The index finger sized hardware key generator fits in my jeans pocket, is attached to my car keys ring, has RSA encryption, generates a six digit password that is changed every minute, and is by far my preferred solution, even willing to pay a bit more to get such a fool proof solution.

    Now if Runbox can implement it fast, they will get a new customer.

  5. A few months have passed since this update–I hope two-factor authentication is still on schedule. Especially timed one-time passwords.

    1. We are hard at work deploying all the modified software that will be using the authentication service, and will post more soon!

  6. I’m a new customer and looking forward to 2FA being implemented. However, like Alain above I would also be much in favour of using a hardware solution such as Yubikey or a random password generator and not an application that will require a smartphone or has to run on a computer. Willing to pay more for it. In a pinch, sms-authentication would also do. I understand that a hardware-approach does not currently seem to be a viable option but would suggest examining it for the future.

  7. Firstly, I want to commend Runbox for the services they have provided me hassle free and uninterrupted. When I signed on a couple of years ago I asked this question about the availability of 2FA, and it was assured to me that this was a feature that was being considered, and in early development. Please guys, I love your services, but I cannot comfortably migrate over certain email addresses (banks, work, and professional) without having some (any) form of 2FA. So let me echo some other users, ideally for me I would be able to use a Google authenticator app, however, a different app based generator would be fine. Furthermore, Yubikey support would be brilliant, but I imagine the implementation to be a tad more complected.

    Anyways, please don’t read this as a negative. I love your services (and recently renewed for another 3 years) and I truly hope you guys enjoy what you do and make at least a sustainable profit off of this. Cause I want you to stay around for awhile!


  8. Enjoy your services and your commitment to safeguarding privacy. Would like to see yubikey/2fa added as an option. Thank you

  9. I like the Yubikey but it’s not cheap. Also remember that for a hardware based solution you should ideally purchase TWO devices so that you have a backup in case the primary device is lost or broken (arguably recovery codes may also be used.)

    The much better solution would be a FIDO Alliance U2F authenticator. Some of these devices are available for as little as USD 5. This is what I’m using with my Dropbox account. Please consider it.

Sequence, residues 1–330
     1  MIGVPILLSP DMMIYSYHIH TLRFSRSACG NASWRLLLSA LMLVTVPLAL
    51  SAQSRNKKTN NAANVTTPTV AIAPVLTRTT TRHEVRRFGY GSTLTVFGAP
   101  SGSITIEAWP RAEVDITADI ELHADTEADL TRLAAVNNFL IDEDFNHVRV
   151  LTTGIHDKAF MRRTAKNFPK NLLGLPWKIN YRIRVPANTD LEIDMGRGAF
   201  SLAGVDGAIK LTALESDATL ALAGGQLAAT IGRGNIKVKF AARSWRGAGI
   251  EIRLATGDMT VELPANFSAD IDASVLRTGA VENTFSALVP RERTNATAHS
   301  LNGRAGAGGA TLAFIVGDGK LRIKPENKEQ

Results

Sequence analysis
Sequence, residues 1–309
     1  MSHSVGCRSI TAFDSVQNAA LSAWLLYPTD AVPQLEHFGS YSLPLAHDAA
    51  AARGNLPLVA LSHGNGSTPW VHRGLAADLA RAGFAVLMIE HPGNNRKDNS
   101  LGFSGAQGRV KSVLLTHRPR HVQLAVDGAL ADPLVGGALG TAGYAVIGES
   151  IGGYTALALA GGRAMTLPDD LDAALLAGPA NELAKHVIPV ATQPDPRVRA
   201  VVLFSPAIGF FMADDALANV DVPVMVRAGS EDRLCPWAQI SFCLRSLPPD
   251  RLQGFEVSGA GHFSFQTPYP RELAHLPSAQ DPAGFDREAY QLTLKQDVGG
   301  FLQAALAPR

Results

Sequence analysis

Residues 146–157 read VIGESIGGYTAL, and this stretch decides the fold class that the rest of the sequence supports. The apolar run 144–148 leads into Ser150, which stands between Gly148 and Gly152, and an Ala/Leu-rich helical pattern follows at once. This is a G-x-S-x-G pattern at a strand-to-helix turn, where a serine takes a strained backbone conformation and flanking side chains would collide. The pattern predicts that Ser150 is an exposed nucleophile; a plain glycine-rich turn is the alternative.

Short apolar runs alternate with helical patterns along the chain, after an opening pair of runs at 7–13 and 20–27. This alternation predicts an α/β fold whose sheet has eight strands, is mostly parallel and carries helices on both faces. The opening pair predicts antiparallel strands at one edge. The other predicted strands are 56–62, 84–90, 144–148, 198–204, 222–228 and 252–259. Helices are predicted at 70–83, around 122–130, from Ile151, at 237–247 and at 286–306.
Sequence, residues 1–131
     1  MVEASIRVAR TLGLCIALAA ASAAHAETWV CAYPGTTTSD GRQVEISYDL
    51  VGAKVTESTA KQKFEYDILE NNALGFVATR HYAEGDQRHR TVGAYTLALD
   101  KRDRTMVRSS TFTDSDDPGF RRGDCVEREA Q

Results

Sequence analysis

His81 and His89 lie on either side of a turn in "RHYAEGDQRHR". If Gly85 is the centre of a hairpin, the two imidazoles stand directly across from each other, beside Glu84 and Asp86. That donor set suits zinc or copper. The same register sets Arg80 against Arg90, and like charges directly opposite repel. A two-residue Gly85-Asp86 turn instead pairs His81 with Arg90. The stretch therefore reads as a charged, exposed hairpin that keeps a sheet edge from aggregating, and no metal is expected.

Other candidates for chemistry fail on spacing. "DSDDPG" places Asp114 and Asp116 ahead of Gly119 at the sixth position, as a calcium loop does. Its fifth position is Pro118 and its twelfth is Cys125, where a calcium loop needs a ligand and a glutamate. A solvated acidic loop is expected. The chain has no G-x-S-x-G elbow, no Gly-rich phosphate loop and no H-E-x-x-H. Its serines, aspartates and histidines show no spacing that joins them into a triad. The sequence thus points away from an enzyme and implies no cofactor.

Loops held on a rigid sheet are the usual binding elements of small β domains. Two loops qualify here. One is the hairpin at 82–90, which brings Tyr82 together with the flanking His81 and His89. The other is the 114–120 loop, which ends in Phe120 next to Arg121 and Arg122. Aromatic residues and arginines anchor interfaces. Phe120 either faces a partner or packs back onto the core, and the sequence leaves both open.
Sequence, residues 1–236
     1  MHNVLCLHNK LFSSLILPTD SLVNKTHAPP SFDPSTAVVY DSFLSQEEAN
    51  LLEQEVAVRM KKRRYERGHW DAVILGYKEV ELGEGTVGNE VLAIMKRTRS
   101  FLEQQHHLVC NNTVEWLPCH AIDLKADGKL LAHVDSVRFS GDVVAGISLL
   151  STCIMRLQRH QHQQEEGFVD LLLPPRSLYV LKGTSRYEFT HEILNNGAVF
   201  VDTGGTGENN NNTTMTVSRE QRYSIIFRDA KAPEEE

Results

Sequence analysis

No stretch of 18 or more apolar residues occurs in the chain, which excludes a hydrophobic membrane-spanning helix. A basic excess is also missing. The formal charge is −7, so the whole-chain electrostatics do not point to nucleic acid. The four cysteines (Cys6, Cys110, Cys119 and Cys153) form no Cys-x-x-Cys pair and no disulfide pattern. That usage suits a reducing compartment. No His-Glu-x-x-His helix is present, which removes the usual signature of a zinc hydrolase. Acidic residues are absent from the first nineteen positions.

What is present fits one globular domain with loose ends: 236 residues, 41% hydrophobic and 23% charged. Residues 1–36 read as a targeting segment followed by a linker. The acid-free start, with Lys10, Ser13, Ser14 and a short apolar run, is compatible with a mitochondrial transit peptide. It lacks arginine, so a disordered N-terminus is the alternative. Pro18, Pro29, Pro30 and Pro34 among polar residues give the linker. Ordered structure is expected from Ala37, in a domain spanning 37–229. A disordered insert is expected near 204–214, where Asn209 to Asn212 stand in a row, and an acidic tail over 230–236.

10. Yubikey is an implementation of Fido U2F. They are one of the core supporters of the technology. It would be fantastic if U2F support were added.

  11. Once again, Yubikey is not a protocol, it’s just a product sold by Yubico AB. Saying “Please support Yubikey” is meaningless because this product supports up to 5 completely different authentication protocols according to the model you purchase. These are:

    1) OATH-TOTP RFC6238, one-time passwords that typically last 30 seconds. E.g. Google Authenticator, Auth, etc).
    2) OATH-HOTP RFC4226, event-based one-time passwords. Very safe but with a tendency to go out-of-sync easily, requiring the use of a look ahead window.
    3) Yubico Cloud proprietary authentication service. Not recommended.
    4) HMAC-SHA1 Challenge Response RFC6287. Excellent.
    5) Fido Alliance U2F.

    By far the U2F solution is the easiest and the safest. The user has nothing to download or configure on his client, and there are no out-of-sync issues. The possibility of registering several tokens for the same remote server makes it very convenient in case a token is lost. The tokens are the cheapest to purchase for less than 10 Euros (HyperSecu, Plug-Up, Happlink, etc.) U2F is supported by Chrome and other Chromium based browsers, Firefox, Safari and Opera.

    HMAC-SHA1 C-R is a good runner up. However tokens are more expensive. And it does require the user to manually configure the set-up, and unlike U2F there must be a shared secret.

  12. I would like to add something here. TOTP, HOTP, HMAC C-R, U2F are all equally safe and effective authentication methods from a theoretical point-of-view. None is thought to be superior to the other.

    However when U2F was designed practical aspects were taken into consideration as well. For instance, what happens if the server itself is compromised and your login credentials are stolen?

    TOTP, HOTP, HMAC C-R all make use of a shared secret between the client and the server. If stolen this shared secret can easily be used to impersonify you.

    However U2F does not rely on shared secrets. If your U2F login credentials were stolen, all the attacker would end up with would be a public encryption key, a key handle, and possibly an encrypted private key (depending on the implementation). These are all useless to an attacker as the (clear) private key only lives on the U2F token secure element.